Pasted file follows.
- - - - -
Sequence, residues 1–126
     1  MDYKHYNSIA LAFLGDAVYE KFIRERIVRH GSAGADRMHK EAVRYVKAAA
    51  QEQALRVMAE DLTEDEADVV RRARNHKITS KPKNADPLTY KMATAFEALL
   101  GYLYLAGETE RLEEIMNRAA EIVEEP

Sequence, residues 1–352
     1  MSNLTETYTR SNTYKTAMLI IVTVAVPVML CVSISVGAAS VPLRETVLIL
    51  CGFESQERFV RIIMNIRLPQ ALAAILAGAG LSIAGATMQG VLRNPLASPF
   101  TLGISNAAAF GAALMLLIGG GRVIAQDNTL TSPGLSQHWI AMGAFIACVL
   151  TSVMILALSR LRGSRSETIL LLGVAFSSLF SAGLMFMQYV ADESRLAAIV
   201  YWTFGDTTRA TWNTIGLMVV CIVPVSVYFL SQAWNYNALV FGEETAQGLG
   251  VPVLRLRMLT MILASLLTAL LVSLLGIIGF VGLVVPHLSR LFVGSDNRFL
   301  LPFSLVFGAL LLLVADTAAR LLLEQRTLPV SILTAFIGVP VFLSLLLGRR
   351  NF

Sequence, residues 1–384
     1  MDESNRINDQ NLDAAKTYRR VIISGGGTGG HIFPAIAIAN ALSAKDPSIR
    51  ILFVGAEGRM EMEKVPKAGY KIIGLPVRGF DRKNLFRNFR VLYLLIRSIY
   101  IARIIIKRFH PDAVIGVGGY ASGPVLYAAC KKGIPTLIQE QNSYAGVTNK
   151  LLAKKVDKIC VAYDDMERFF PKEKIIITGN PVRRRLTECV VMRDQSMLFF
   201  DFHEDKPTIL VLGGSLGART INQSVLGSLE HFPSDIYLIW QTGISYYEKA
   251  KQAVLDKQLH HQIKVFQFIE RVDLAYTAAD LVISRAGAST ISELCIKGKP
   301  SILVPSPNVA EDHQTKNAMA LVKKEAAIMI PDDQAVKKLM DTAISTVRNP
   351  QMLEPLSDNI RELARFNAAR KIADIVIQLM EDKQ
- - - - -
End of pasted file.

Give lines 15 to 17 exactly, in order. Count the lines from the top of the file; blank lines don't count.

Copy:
     1  MDESNRINDQ NLDAAKTYRR VIISGGGTGG HIFPAIAIAN ALSAKDPSIR
    51  ILFVGAEGRM EMEKVPKAGY KIIGLPVRGF DRKNLFRNFR VLYLLIRSIY
   101  IARIIIKRFH PDAVIGVGGY ASGPVLYAAC KKGIPTLIQE QNSYAGVTNK